Enter at A and continue walking to X. Halt inside a box of jumping poles and count to 5.
Between X and C, cross over the blue plastic river.
C Turn right towards the stables / field / car park.
M Trot down the fence, past B to F.
F Walk. Between F and A pick up the big teddy bear and let him ride in front of the
K Turn across the diagonal and ride straight to M. At M put Teddy on the fence.
C Ride a circle, passing through the jumping pole box that was over X.
C Halt next to a helper who will hold the pony. Take your feet out of your stirrups and
do “Around the World”. Feet back in the stirrups and pick up the reins. Carry on in
H Halt and pick up an item of the grooming kit. Say what it is and show how you’d
use it on your pony. Put it down. Continue at walk.
A Turn up the middle. Halt in the box over X. Salute.
The variations are endless, only dependant on the riders lever of experience, and the patience of the pony. Other ideas could include
A small jump
Line of bending poles
Riding with the reins in one hand
Picking up a piece of “washing” off a line and putting it back on another line
Dismounting, leading and mounting
10m circles around cones / boxes / markers
Picking up a polo mallet (or broom) and knocking a ball along the ground the next marker
Filling a plastic cup with water from a bucket and carrying it without spilling any
By starting and stopping each activity at a maker, the rider is practicing accurate dressage test riding.
Once the riders are happily doing “utility dressage”, make the tests harder by increasing the numbers of movements, the difficulty or the speed in which the movements come upon them. Riders in group lesson can have a competition if a non-biased “judge” is available.
Teaching child riders presents a whole different range of challenges compared to teaching adults. Concentration does not come as well and so lessons need to be fun, interesting and simple enough to be obtainable without being boringly easy.
When teaching very young children to ride, the hardest thing is to keep their attention. The easiest way to do this is to keep the lesson moving, constantly changing what you are doing. Use various exercises and games to do this. These also teach the child, as they concentrate on the task at hand, they naturally develop balance, co-ordination and confidence.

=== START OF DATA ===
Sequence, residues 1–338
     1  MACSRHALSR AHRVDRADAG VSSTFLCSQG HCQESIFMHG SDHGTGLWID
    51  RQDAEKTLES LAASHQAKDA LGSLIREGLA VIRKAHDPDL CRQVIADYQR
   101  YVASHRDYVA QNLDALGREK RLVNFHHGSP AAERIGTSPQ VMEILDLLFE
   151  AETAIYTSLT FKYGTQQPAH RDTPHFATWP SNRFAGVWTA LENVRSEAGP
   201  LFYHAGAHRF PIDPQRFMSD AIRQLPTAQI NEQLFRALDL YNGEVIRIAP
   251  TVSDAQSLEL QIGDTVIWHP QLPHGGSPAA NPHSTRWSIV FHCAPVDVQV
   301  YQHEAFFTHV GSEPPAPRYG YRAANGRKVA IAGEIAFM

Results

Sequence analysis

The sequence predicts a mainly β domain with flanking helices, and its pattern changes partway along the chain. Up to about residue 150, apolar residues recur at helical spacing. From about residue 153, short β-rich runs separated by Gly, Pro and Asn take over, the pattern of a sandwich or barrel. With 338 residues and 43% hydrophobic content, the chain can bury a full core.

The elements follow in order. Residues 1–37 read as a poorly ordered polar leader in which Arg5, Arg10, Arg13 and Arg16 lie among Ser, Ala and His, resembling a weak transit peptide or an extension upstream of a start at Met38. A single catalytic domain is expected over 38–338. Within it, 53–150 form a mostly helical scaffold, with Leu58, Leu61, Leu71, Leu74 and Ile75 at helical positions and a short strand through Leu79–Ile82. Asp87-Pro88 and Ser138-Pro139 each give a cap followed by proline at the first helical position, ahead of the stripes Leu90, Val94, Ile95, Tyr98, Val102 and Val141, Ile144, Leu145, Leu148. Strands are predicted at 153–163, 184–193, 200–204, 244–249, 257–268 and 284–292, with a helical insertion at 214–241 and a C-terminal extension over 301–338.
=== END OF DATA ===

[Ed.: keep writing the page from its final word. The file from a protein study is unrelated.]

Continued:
Begin very simply, by asking the rider to let go of the saddle / neck strap with one hand. Give them tasks to do with this hand – hand on their head, shoulder, tummy, knee, toes. Hand on the toe is most difficult, very few children are immediately confident enough to lean down and touch their toes. Then ask them to touch the opposite knee and toes. (Right hand to left knee / toes). Lean forward and touch the pony’s ears, you may need to help by turning the pony’s head towards them or asking the pony to lift their head up. Lean back and touch the tail. (Check that the pony doesn’t buck). Then test the rider’s knowledge by asking them to touch the saddle, stirrups and reins. When they are confident with one hand, repeat with the other hand or move on to using both hands. All of this can be done at halt initially or in walk with a leader.
Move on to riding without stirrups. At first just ask the rider to take one foot out of the stirrup and put it back, without using hands or eyes to help. They must rather just wiggle their toes in their boots, move the toe of the boot until they feel where the stirrup is and slide their foot back in. This is a very important exercise rather then just a game. If they are confident and quick about finding a stirrup in halt and walk then when they are trotting or cantering alone later and lose a stirrup, they won’t panic.